From Dev Anand to Dharmendra, Hemant Kumar was the voice of his time

Interested in music from his early years, a young Bengali completed his primary education with great difficulty and dropped out of college after Calcutta AIR took him on board as a singer. He spent most of his salary on getting a harmonium and on honing his musical abilities, especially Rabindra Sangeet.

Bengali cinema and then the Hindi films industry beckoned, but the path was not easy for Hemant Kumar Mukhopadhyay, or Hemant Kumar, as he is better known to the legions of his fans, was born on June 16 in Benares in 1920.

The rare combination of a gifted musical composer, who wove in classical music strains, and a playback singer with a soothing mellifluous voice, he recorded his first (Bengali) song in as early as 1940 and his first Hindi song a couple of years later. Yet it was only “Anand Math” (1952) that brought him national fame, both for his music, and then his renditions of “Vande Mataram” and “Jai Jagdish Hare, Jai Jagdish Hare” in this classic. This also seemed like a flash in the pan as his next two films flopped.

It was “Nagin” (1954), with its hypnotically compelling music, especially that snake-charmer melody on an earthen ‘been’ that cemented his place in Hindi cinema.

Yet, Hemant Kumar was fated to stay in the spotlight for just the next decade and half in both his avatars and from the 1970s, his brand of music and his genteel voice failed to attract the attention it once got and he gradually faded from the scene. He figured in the news a few years before his death in 1989 — after a concert tour in Dhaka, when he rejected the Padma Shri announced for him, saying “it had come too late”.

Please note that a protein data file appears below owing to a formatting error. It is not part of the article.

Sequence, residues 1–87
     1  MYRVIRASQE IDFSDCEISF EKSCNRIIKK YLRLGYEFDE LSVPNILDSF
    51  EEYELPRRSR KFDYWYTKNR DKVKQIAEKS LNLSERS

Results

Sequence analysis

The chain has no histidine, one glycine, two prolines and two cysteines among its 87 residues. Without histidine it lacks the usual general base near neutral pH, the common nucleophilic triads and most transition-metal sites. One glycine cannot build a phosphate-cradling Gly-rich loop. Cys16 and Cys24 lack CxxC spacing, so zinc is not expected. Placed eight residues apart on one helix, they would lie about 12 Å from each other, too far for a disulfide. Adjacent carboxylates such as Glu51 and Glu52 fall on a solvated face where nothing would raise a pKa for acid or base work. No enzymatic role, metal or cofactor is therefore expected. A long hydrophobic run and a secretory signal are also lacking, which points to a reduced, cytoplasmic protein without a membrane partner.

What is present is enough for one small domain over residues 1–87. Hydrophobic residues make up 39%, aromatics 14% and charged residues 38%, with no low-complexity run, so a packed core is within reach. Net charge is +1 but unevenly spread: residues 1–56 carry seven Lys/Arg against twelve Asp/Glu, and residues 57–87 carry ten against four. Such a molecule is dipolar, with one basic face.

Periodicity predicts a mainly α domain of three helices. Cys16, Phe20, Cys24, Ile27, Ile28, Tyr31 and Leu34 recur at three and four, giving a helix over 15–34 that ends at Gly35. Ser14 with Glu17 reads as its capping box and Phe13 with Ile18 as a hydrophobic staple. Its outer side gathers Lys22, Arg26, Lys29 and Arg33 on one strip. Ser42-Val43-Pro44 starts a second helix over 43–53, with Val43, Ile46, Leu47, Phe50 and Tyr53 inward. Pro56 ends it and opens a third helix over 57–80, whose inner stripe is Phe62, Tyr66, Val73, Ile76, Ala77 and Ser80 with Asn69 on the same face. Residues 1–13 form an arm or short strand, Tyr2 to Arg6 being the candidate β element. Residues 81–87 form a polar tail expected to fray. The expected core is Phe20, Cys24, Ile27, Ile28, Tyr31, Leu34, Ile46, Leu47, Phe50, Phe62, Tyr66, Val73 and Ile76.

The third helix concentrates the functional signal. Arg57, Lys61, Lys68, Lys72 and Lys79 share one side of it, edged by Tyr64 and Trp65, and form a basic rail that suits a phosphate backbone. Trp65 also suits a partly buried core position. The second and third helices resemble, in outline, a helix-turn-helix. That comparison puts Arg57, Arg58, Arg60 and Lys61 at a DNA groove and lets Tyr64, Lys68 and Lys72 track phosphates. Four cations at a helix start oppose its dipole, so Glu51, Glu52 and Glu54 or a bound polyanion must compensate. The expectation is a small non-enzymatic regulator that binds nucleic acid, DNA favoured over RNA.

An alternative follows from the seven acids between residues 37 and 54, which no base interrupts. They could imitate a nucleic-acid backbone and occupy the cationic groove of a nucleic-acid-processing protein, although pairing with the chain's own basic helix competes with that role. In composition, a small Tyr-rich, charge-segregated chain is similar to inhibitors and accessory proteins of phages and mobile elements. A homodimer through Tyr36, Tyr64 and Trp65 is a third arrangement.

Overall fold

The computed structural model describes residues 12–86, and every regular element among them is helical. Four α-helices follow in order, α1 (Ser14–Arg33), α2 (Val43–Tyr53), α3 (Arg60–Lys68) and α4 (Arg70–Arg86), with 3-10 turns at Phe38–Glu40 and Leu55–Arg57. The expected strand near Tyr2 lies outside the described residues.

As noted, Hemant Kumar belonged to that rare breed of both top-notch music composer and playback singer — a status he only shared with the incomparable S.D. Burman. The senior Burman’s songs, however, were more situational, but Hemant Kumar sang for almost all the top heroes of his time, from Dev Anand to Dharmendra.

On his birth anniversary, let us look at some of his most unforgettable songs.

“Yaad kiya dil ne kahan ho tum” – Few love songs in Bollywood sound so fresh and natural as this one, picturised on Dev Anand and Usha Kiran in “Patita” (1953). Hemant Kumar’s sonorous voice melded perfectly with Lata Mangeshkar, while Shankar-Jaikishan wielded the baton and Hasrat Jaipuri provided the lyrics.

“Nain so nain naahii milao” – There was always a dream-like quality to Hemant Kumar’s voice and it is markedly evident in this duet with Lata in V. Shantaram’s “Jhanak Jhanak Paayal Baaje” (1955). Classical dancer Gopi Krishna and Sandhya were the performers, Vasant Desai the music composer and Hasrat Jaipuri provided the lyrics.

“Main gareebon ka dil main machalti saba”: Little is known about “Aab-e-Hayat” (1955), though it seems to be another one of the Arabian Nights-type escapade that were Bollywood staples for years, but this song stays in public memory. Picturised on Premnath, it was scored by Sardar Malik and Hasrat Jaipuri was again responsible for the lyrics.